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Gladiola Basics

 

For a summer full of room-brightening cut blooms, plant glads

The all-time favorite towering vase flower is a day brightener in the garden and on a table or countertop. They are a bit finicky about cold weather, however, and will have to overwinter in storage in many parts of the country. Glads (gladiolas, gladioli, gladioluses) do not like to fight off weeds and pests, either, so a little care is needed to keep them healthy and happy.

Glads do best in a sunny spot with access to air circulation. The plants grow closely together - the corms should be placed in the ground about six inches apart. If the corms are first soaked in a disinfectant solution, it will help with some pest prevention, especially thrips. After planting, it is essential to continue a pest control program. Water frequently and give your glads about an inch every 6-7 days.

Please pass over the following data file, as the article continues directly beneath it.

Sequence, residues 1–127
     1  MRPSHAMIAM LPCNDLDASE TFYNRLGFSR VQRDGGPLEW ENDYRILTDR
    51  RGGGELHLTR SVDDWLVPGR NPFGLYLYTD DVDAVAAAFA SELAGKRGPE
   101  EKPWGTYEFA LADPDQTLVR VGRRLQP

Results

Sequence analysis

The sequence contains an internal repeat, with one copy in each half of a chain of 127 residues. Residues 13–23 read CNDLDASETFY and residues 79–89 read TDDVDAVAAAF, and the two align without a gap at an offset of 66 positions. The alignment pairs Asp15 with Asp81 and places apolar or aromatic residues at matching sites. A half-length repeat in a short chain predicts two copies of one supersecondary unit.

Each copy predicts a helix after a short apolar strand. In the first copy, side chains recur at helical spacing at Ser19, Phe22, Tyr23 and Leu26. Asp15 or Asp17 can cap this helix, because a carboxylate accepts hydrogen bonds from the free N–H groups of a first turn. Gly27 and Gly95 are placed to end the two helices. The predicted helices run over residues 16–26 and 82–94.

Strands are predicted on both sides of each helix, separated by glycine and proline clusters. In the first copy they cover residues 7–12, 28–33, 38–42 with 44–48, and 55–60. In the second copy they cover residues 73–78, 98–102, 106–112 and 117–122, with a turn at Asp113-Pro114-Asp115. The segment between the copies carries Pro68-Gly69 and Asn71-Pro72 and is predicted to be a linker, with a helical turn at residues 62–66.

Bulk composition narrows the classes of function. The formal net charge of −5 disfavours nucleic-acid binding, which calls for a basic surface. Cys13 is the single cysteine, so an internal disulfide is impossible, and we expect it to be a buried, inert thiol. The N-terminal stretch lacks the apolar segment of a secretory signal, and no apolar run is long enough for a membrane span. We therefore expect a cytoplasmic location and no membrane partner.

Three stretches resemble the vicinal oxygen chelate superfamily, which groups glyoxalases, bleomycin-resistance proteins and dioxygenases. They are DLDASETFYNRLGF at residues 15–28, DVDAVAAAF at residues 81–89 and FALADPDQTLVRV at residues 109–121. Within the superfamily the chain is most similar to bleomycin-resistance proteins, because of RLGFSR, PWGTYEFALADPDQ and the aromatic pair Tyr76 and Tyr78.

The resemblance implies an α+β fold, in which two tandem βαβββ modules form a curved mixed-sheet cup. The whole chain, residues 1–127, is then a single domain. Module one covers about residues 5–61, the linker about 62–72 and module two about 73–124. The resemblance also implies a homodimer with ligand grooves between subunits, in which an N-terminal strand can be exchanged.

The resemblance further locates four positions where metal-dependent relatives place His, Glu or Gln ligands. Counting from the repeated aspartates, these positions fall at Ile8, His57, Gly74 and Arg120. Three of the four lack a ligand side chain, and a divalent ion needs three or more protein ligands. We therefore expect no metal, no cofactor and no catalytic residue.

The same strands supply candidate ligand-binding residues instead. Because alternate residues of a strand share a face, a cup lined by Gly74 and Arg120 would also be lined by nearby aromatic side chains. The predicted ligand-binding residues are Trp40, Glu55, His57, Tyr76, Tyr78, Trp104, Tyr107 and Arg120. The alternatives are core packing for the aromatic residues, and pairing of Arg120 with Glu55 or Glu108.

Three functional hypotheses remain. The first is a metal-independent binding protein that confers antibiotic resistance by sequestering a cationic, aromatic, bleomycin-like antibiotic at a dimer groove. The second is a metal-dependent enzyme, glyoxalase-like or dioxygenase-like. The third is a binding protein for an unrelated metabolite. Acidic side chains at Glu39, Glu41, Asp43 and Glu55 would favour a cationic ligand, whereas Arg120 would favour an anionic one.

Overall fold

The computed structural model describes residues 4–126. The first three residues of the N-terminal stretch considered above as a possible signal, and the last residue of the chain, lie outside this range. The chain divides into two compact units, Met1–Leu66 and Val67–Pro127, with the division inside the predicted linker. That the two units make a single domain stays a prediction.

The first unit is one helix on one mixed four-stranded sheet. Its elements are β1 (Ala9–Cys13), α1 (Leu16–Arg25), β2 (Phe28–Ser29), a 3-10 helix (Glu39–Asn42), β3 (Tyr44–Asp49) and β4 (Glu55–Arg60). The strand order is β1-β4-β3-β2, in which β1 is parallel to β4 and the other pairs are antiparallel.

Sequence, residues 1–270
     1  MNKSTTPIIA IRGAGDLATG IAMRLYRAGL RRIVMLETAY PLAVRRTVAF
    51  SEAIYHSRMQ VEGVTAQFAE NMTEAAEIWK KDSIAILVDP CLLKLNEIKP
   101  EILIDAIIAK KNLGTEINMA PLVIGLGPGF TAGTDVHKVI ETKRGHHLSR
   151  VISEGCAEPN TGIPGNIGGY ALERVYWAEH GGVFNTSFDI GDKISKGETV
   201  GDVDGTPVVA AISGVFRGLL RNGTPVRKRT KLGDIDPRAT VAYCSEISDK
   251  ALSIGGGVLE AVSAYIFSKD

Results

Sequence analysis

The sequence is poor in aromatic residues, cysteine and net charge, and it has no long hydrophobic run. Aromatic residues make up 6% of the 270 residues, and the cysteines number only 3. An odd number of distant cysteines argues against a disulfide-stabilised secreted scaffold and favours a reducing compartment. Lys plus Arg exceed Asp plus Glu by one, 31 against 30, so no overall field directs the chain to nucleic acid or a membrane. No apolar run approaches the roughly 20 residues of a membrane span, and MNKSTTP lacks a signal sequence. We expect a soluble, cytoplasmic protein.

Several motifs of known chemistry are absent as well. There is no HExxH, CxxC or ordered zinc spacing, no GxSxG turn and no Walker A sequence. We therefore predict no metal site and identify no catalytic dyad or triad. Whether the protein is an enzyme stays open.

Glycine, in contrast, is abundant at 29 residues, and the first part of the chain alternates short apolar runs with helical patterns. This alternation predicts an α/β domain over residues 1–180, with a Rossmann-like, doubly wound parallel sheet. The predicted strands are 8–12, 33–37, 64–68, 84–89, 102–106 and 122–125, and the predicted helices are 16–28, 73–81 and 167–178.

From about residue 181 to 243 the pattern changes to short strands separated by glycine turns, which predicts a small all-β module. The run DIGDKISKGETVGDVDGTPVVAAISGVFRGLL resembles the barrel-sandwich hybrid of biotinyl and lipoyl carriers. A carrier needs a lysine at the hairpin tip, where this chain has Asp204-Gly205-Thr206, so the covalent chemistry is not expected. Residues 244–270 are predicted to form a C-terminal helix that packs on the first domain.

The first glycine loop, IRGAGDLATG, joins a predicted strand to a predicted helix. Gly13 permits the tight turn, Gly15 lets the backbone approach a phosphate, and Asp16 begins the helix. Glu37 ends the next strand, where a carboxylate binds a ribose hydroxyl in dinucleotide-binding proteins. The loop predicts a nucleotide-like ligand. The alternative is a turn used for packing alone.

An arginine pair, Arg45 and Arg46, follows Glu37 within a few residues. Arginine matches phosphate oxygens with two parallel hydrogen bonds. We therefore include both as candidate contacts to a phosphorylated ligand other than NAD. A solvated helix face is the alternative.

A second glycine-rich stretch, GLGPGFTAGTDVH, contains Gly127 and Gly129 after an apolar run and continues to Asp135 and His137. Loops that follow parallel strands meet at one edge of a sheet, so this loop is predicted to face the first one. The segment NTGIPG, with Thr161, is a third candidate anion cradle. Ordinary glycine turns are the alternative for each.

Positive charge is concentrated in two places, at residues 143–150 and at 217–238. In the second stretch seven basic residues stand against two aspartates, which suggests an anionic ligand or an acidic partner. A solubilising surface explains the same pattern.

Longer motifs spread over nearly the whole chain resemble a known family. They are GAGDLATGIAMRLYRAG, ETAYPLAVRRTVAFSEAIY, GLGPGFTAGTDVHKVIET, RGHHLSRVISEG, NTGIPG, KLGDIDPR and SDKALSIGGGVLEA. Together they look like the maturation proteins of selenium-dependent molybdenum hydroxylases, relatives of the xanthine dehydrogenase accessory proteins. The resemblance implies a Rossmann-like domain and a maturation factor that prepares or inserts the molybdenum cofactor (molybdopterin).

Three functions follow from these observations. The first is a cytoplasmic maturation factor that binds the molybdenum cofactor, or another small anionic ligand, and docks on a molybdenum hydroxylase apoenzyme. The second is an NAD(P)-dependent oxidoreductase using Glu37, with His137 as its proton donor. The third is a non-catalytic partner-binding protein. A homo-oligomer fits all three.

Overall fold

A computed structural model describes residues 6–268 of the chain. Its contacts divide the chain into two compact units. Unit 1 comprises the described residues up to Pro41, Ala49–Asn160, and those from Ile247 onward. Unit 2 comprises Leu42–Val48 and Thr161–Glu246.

Choose fresh looking corms and plant after all chance of frost is gone. Bunch like colors together and keep adding new rows every ten days. This will assure a full summer of blooms.

Glads are available in three types: Exhibition, Large Decorative, and Small Decorative. The amazing range of colors is really what the average or beginning gardener is after.

Each glad producer will have specially-named hybrids, but the color ranges will go from pastels (cream, pink, lavender, salmon, and rose) to brights (brown, gold, scarlet, red-black, deep rose, and purple).

Once the spikes begin to show buds, you can begin cutting. Slice at the base of the flowering stalk. The leaves will support new growth.

Before the first freeze, dig up the corms. Remove tops and check for insect damage. They should be allowed to dry for a few weeks, then can be cleaned. They'll need plenty of circulation in a temperature range of about 40 degrees. After drying, place in a peat mix and continue to keep them somewhat cool.

In areas where the corms do not require removal, they should be divided about every two years.

 

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